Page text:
When Merck bought Sirna in 2006, the pharmaceutical giant took over Sirna's San Francisco Mission Bay research space at 1700 Owens St. and became the first major life science company to move into the up-and-coming biotech hub. Except, of course, for biomedical research megastar University of California, San Francisco, which opened the first building of its Mission Bay Campus in 2003 and currently houses its Biochemistry & Biophysics Departments in Genentech Hall, Byers Hall and Rock Hall. Also on the bayside campus are the William J Rutter Conference Center, Smith Cardiovascular Research Building, UCSF Housing, a child care center, the Helen Diller Family Cancer Research Building, the Orthpaedic Institute, and retail shops. UCSF's real estate holdings at Mission Bay total 57 acres, and the University currently employs over 2000 people at the MB campus alone (before the opening of the future medical center complex and the new Neurosciences Laboratory and Clinical Research Building).
(Map courtesy of labspace.com )
Merck announced recently that it will soon abandon its research facilities at the former Sirna space, which once totaled about 66,000 sf of the Owens Street building on several floors. Is that likely to impact negatively on the Mission Bay biotech hub's future as a whole? Very doubtful. Several other research related companies are still there, along with a Starbucks and a fitness center for the tenants. And since UCSF just lifted the first girder on its extensive hospital facilities at Mission Bay (due for completion in 2014), it's hard to imagine some other biotech firm (or several smaller ones, more likely) won't make use of this prime research space post-haste.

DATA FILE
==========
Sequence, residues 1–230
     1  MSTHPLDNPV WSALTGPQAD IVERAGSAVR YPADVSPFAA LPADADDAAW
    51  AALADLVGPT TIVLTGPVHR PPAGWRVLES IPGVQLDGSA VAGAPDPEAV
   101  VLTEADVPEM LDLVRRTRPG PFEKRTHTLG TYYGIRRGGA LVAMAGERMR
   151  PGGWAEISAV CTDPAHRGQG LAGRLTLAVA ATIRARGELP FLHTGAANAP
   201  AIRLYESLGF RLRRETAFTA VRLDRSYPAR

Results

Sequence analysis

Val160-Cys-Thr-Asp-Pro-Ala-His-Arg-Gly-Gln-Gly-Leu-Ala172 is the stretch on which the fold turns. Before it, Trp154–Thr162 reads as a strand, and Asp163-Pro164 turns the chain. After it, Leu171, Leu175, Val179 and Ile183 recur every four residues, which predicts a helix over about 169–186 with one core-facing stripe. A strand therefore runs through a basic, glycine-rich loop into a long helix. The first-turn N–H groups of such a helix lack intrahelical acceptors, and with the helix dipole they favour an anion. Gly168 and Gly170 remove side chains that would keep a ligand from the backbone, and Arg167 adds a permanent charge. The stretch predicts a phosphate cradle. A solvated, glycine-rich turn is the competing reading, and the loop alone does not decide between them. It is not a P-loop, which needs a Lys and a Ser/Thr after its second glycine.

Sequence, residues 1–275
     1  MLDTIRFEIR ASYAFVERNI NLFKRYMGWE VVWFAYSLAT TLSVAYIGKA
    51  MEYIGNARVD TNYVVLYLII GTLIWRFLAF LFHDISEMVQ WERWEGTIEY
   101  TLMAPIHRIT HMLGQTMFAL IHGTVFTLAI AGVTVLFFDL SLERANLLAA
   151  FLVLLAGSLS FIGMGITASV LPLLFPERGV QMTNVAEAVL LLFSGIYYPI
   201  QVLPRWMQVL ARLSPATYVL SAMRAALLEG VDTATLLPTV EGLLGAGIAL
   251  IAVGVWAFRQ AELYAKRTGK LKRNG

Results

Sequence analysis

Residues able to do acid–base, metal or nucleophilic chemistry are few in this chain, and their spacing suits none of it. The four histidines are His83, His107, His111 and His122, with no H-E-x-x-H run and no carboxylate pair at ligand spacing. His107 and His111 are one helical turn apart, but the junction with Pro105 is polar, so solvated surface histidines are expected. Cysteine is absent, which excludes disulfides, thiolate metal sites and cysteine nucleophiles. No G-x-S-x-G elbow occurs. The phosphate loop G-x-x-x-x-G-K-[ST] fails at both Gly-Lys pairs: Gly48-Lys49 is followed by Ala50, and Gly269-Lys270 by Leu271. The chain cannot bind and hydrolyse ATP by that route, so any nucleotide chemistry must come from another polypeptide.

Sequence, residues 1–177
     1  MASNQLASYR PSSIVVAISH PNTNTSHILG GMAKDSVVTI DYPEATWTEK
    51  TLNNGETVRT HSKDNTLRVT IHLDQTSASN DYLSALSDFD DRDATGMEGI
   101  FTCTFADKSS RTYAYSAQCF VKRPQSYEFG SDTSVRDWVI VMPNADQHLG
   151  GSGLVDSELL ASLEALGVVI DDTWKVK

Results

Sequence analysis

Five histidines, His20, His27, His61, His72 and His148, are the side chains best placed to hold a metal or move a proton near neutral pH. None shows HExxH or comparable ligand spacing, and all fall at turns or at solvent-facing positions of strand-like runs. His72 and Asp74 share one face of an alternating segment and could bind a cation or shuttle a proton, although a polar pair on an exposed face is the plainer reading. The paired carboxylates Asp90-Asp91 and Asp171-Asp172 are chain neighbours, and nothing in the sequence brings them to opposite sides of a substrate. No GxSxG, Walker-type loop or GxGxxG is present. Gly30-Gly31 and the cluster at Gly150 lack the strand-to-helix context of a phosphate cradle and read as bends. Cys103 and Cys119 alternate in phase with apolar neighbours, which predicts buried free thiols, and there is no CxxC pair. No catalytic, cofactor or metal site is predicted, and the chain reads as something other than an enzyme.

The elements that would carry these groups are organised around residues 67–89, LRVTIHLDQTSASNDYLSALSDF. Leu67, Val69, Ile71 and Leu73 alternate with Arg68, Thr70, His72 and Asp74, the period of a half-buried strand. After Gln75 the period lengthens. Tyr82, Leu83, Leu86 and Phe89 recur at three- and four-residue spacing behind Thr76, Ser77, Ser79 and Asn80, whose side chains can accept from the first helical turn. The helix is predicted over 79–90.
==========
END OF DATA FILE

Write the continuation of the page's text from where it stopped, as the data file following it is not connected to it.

(UCSF Mission Bay Medical Center image courtesy of UCSF)
Enormous, dedicated lab facilities can be difficult to repurpose simply because of their size and the infrastructure investment required to subdivide the space to function practically for smaller research operations. Occasionally, as with the former Pfizer complex purchased by the University of Michigan just this year (see our blog: University of Michigan Opens 174 Acre Research Campus Complex), the right player comes along with the resources to make it happen and winds up with a sweet deal.
The 1700 Owens property in Mission Bay (shown at right) is already a multi-tenant space managed by the global life science labspace provider Alexandria Real Estate Equities.
According to Labspace.com, "The ease of innovation enabled by the close proximity of key public sector entities such as UCSF, QB3, and the Gladstone Institute with varying leading-edge private companies is apparent when spending a day working in Mission Bay. The opportunity to participate in a highly collaborative environment conducive to sharing ideas, resources and talent across a vast range of scientific activities is a rare one, and is the hallmark of Mission Bay."
So while the Merck exodus from San Francisco's bayfront may not be good news (that remains to be seen), it probably isn't bad news either, given the desirability of the property and its proximity to the UCSF Mission Bay Campus with its enormous building projects underway and its already powerful presence anchoring life science research in the biotech neighborhood.
Would you like to meet with researchers in the Mission Bay area and experience the neighborhood? Biotechnology Calendar, Inc. will be hosting an event on the UCSF Mission Bay campus on January 26, 2011. This event is free to attend for Bay Area researchers.
Biotechnology Calendar, Inc. is a full service event marketing and planning company producing on-campus life science research tradeshows nationwide for the past 18 years. We plan and promote each event to bring the best products and services to the best research campuses across the country. Visit our website for information about upcoming life science product shows in your area.